Twenty years back, baseball was a game where fitness or training wasn’t a big part. Some players just walked on the field and did their thing. Not any more, though. Now players are working harder and harder to turn their bodies into sleek figures and are regularly fine-tuning their skills. If you want to be a competitive player in baseball, you need to have a quality training program. Although you could train several of your baseball skills, your area of focus needs to be on drills that improve your main position on the team. Training can be hard work but you need to try to make it more enjoyable, as Willie Stargell put it, “When they start the game, they don’t yell work ball. They say play ball.” That’s what it’s about…playing ball.


Baseball Training Fundamentals

Before you design your personal training program, do some research and find a variety of exercises and drills that are both helpful and appealing to you. Plan the times and days you want to train and try and stick to it. Consistency is a key to great baseball training. If you are easily bored take many of the drills you found and turn them into different routines that you can cycle through. This would help keep training interesting for you. You could also have a partner that would train with you and keep you motivated. It is also an idea while you are in training to eat nutritious foods, drink plenty of water, and get a lot of rest. What do you need to include in your training program? A mixture of skills training is recommended with a focus on drills that are related to the position you currently play on the team.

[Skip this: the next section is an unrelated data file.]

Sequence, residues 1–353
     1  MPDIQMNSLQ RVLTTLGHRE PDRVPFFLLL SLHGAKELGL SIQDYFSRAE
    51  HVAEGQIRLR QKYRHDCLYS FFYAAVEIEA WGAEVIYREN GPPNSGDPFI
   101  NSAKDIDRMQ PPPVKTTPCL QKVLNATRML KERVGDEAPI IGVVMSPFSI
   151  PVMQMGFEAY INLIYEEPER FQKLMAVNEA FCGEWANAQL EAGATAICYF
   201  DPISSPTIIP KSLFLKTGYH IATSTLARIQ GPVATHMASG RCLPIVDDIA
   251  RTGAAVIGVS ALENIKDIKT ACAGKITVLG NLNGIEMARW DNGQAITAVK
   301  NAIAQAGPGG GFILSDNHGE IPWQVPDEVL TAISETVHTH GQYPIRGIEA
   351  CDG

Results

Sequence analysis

Drill Ideas for Your Baseball Training Program


  • Hitting. Aside from just hitting the ball over and over, you need to participate in a variety of practices that would improve the mechanics of your swing. Watch yourself in a mirror and look at how you’re executing your technique. Keep practicing until you get it. Practice hitting off a tee. It may sound like child’s play, but hitting off a tee allows you to focus on your form instead of a moving object. Check yourself during every stage of your swing. Check how you are doing from the rest position to the lead position, at contact, and through to the finish. Once you start hitting practice, swing at a variety of balls from short toss to those from a pitching machine.


  • Pitching. Practice a variety of drills that would let you work on your balance as well as your arm movement. Some ideas for pitching drills are pitching from one knee, balance drills, slow motion pitching, and pivot foot drills. Do pay attention to your form as you throw, especially during slow motion drills.


  • Base running. Focus on drills that help with speed and agility. A few practices are rundowns, beat the ball drills, and lead-offs.


  • Catching. Practice catching the full range of balls you encountered during a game. Choose drills that improve your receiving, blocking, fielding, and throwing skills.


How much time you choose to spend training with your own program depends on several factors. When can you practice and for how long? Do you have facilities available to you? How hard do you want to work? The frequency and intensity of your training sessions would vary accordingly, but you need to also remember that your personal training regimen needs to be a part of the overall program. Team sponsored practices and training sessions need to also take part.


Article Title: How to Boost Your Baseball Training